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How to Handle Throwing up Birth Control Pill with These 5 Rules

How To Handle Throwing Up Birth Control Pill With These 5 Rules

If you’re having nausea while taking on birth control pills, read this article. BestLifeTips will share with you the causes and how to prevent throwing up birth control pill.

Do you get nausea after taking birth control pill? What to do after throwing up birth control pill? BestLifeTips will help you answer these questions in this article. Don’t miss it!

Birth control pill basics

Before getting deeper into throwing up birth control pill issue, let’s take a look at the birth control pill basics.

The birth control pill, also called the pill, is a daily pill containing hormones to change the way the body works and prevent pregnancy.

Most brands of the birth control pill are a combination of synthetic estrogen and synthetic progesterone. Pills that only contain synthetic progesterone, otherwise known as progestin, are also available.

Birth control pill protects against pregnancy primarily by preventing ovulation. The pill also makes cervical mucus thicker, making it more difficult for sperm to reach an egg if one is released.

Birth control pill basics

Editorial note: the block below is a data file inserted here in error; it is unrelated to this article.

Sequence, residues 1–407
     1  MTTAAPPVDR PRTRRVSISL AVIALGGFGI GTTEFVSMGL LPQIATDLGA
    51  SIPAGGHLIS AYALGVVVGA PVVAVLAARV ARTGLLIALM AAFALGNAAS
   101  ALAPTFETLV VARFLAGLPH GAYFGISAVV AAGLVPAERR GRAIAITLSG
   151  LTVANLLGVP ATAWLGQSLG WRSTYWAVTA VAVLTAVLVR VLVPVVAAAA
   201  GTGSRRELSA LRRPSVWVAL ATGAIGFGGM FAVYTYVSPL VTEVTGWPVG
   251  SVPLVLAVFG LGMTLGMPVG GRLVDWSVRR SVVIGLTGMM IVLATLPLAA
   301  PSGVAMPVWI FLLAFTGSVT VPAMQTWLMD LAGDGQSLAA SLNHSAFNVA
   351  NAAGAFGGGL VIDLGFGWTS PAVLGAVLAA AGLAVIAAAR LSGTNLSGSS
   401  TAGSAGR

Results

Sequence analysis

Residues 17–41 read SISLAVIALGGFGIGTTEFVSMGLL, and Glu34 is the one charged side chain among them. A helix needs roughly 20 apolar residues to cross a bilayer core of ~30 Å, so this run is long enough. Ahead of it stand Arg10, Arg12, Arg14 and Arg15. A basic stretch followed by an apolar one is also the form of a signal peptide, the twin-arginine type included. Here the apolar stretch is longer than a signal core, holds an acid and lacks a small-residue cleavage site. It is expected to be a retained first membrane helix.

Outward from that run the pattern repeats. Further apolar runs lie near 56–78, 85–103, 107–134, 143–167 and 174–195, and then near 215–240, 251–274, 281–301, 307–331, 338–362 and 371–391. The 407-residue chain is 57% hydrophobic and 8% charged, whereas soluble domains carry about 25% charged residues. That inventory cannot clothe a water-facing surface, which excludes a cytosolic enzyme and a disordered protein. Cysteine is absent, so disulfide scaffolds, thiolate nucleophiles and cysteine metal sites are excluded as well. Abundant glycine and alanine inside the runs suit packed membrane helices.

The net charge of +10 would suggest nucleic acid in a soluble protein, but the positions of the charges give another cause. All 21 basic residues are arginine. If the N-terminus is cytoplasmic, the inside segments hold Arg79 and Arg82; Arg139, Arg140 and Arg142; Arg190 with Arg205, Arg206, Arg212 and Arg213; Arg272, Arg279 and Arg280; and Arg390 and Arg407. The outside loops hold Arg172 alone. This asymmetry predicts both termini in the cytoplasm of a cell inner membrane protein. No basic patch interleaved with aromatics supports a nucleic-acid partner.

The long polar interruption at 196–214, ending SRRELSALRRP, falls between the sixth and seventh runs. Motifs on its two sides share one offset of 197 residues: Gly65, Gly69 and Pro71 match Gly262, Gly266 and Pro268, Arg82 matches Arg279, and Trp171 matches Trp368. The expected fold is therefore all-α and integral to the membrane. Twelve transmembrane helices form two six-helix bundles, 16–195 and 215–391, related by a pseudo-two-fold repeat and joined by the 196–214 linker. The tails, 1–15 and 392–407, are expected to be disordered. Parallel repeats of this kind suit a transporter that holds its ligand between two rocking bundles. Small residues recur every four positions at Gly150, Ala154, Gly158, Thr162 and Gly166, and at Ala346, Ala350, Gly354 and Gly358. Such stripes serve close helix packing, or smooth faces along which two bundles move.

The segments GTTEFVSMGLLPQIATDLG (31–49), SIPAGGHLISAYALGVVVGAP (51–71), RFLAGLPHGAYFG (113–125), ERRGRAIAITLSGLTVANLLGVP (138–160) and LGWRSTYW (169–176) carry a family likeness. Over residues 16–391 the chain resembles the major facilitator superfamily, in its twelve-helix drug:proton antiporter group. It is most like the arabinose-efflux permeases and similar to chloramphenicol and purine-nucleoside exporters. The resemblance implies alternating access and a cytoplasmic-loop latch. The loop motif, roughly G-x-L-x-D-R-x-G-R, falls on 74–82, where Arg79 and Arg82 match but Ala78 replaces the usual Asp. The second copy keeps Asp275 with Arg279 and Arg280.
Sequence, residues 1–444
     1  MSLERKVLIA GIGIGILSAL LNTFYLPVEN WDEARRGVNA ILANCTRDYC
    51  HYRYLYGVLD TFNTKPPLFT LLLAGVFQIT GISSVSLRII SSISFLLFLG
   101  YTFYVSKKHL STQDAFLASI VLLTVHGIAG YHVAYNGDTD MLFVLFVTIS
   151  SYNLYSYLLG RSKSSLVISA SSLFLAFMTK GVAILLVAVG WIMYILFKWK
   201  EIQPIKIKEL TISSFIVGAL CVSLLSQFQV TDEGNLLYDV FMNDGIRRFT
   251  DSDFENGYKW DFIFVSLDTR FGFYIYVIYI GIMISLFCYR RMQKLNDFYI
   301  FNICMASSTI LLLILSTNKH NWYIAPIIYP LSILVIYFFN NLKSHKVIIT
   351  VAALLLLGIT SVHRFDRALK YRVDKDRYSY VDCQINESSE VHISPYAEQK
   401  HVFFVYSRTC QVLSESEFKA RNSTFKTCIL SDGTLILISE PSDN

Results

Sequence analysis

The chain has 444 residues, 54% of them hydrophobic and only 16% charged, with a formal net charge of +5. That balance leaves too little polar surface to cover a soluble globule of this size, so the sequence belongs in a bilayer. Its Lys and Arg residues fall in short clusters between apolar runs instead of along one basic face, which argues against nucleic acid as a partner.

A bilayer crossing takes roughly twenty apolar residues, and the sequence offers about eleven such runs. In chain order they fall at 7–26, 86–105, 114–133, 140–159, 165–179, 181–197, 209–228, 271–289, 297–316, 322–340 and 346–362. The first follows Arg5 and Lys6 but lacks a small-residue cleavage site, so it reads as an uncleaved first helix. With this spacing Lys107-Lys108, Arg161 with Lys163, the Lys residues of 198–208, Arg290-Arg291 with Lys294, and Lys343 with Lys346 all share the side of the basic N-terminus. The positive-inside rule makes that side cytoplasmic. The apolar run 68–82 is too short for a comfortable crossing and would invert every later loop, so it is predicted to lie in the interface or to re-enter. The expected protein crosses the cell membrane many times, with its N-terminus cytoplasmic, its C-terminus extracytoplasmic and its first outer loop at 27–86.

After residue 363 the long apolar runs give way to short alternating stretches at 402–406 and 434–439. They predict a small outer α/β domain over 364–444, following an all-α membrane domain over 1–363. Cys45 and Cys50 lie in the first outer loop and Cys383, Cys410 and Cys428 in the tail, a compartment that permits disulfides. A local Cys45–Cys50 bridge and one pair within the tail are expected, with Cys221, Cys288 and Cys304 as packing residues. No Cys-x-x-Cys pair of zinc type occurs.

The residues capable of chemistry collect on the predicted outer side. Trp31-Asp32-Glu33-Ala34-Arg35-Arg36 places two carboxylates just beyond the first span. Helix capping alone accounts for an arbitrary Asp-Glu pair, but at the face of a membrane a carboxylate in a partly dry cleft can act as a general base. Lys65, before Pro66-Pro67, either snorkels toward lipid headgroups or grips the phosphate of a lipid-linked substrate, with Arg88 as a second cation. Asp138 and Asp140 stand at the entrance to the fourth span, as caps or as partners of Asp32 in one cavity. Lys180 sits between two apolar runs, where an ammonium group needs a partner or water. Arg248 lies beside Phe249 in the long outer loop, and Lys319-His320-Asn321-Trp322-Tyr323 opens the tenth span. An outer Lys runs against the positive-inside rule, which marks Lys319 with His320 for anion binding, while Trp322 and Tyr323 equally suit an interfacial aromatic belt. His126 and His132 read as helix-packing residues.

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Side effects of birth control pill

Here are some side effects of birth control pill that you should know:

  • Irregular bleeding or spotting
  • Nausea
  • Vomiting
  • Breast tenderness

According to Sherry Ross, MD, OB-GYN, and women’s health expert in Los Angeles, these side effects are usually temporary. Most side effects will fade after you’ve been on the pill for two to three months.

If you are experiencing side effects that are affecting your quality of life, go to see your doctor. Maybe another type of birth control pill will work better for you.

Can birth control cause headaches and nausea?

The hormones in birth control pills can cause nausea. The hormone estrogen in birth control pills can cause nausea and other side effects. Estrogen can irritate the stomach lining. The higher the dosage of estrogen in the pill, the more likely a person will feel nauseous. Progesterone in birth control pills can also cause nausea.

Other side effects of birth control pills may include:

  • Enlarged breasts
  • Weight gain
  • Sore breasts
  • Headaches
  • Mood changes

So what should you do after throwing up birth control pill? Keep reading to find out!

What happens if you vomit while on the pill?

What happens if you vomit while on the pill

What happens after throwing up birth control pill? What should you do in that situation?

Observe the two-hour rule

After throwing up birth control pill, the first thing to do is remember what time you took the pill that day. If you throw up within 2 hours after taking your pill, it won’t have had time for your body to absorb, and it won’t be effective. It takes 2-3 hours for your body to absorb the pill into the bloodstream because the pill has to go through the digestive system.

You should take your pill at the same time every day to maintain the hormone levels that prevent pregnancy.

Call your doctor

No matter what specific pill you’re on, you should call your doctor. Tell them the details of your prescription and the frequency of your vomiting, and get full guidance from them.